Our daughter Jessica sent me word of an article on CCN.com a few days ago that she thought I'd enjoy. She was correct: "Ten dogs that changed the world," which at first glance I mistook for the title of John Reed's famous 1920's reporting classic, "Ten Days that Shook the World," and thus interesting to me, turned out to be, instead, a listing of famous dogs in world history, by Canadian professor of Psychology Dr. Stanley Coren, in his book "The Pawprints of History: Dogs and the Course of Human Events,." you know, the kind of filler that newspersons have to use on days when neither Paris Hilton, Linsay Lohan, nor Britney Spears has drunkenly driven her Mercedes into a group of hapless pedestrians, to make newsworthy stories for the press.
Number 10 on this list -- meaning least important, I guess -- is Donnchadh, the dog of unspecified breed, who belonged to Scotland's Robert the Bruce. When, in 1306, England's King Edward I somehow got wind of Robert's traitorous plan to take over Scotland, Edward got hold of Donnchadh, probably with an extra-large box of "Milk Bones,"and used him to locate the unruly and obstreperous Robert. At this stage of the story, it's very hard to see how such a treacherous act could entitle the pooch to a ranking in Coren's list of canine heroes. ( Might as well include Benedict Arnold and John Wilkes Booth, too, while you're at it.) But then, the story goes, having led his master's enemies right up to the poor guy's back door, he turned and attacked the attackers. (Well, Coren never claims dogs, even the brave winners of his poll, are very bright.) ("Lie down, Donnchadl, you dumb cur, you!")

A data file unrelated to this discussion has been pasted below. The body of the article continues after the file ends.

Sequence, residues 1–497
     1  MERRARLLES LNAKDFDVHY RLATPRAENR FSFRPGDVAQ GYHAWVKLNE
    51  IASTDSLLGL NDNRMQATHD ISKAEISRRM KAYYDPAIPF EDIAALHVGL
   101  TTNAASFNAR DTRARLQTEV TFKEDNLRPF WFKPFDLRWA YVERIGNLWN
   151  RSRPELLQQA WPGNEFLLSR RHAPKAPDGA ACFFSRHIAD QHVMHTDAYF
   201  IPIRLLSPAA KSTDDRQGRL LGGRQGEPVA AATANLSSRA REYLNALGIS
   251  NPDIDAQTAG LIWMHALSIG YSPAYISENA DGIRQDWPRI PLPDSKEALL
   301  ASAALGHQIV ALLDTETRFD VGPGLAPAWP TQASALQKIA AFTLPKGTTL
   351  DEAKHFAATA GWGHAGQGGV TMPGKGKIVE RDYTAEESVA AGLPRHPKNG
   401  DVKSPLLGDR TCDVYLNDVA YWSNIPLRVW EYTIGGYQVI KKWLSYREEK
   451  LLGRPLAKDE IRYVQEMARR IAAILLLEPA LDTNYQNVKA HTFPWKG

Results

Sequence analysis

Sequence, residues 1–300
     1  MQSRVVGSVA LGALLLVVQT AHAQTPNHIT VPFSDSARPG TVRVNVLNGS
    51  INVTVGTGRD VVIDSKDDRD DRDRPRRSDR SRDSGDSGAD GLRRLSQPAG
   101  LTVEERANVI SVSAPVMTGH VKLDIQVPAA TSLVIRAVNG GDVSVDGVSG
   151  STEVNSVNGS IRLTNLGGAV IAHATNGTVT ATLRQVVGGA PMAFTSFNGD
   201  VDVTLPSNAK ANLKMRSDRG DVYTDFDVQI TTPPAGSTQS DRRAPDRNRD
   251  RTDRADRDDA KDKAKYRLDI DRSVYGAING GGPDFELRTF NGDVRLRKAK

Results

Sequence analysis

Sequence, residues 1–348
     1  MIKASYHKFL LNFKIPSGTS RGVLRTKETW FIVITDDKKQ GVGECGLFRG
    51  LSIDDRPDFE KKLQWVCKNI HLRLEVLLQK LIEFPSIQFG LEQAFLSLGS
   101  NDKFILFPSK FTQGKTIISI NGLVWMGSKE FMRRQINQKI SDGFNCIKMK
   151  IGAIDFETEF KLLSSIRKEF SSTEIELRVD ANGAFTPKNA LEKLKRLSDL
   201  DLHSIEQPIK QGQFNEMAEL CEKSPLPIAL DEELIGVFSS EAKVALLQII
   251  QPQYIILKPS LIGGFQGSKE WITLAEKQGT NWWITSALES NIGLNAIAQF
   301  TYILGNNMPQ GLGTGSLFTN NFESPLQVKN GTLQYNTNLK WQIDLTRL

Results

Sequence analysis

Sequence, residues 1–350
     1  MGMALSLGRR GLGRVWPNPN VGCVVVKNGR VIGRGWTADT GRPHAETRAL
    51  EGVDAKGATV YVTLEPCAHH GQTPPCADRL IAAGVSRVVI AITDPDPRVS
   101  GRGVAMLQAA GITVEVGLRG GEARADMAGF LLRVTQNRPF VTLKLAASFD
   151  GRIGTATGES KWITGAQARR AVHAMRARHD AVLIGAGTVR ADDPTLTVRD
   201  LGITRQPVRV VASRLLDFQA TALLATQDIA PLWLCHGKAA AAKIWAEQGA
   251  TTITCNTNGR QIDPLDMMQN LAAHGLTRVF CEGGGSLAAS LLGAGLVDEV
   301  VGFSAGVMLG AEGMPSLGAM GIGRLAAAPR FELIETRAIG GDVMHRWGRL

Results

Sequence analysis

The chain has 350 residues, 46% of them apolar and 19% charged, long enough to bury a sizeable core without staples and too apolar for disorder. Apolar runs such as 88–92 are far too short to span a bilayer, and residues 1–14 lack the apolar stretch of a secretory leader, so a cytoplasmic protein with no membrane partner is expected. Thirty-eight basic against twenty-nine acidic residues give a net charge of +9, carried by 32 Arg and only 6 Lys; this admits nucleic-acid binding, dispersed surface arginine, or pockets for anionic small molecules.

Number 9 trophy goes to composer Richard Wagner's "Cavalier King Charles spaniel" named Peps (anyone know what he would look like?). When Dick sat down at his piano to play his newest composition, he sat Peps down on a special chair and watched the mutt's reaction to his new, untested music: it the dog seemed to like it, the orchestra would begin practicing it next Monday morning; if not, the sheet music would soon end up lining Wagner's canary's birdcage. Now, that may sound weird, but when I was a youngster and taking piano lessons, I sat down at the Steinway each afternoon after school, and began tickling the ivories. As the first few sounds rose around me, my loving, if undiscriminating, miniature collie Dickory, from beneath the piano, would start to crooned (well, "howl," then). Come to think of it, Dickory, not gifted with much judgment or taste, except for "Milk Bones," crooned for pretty much everything I played, no matter how poorly. ("Atta girl, Dickory! Good dog! Here, girl, have another "Milk Bone! Here, have two!!")
Number 8 trophy goes to President Nixon's cocker spaniel Checkers. (Are any of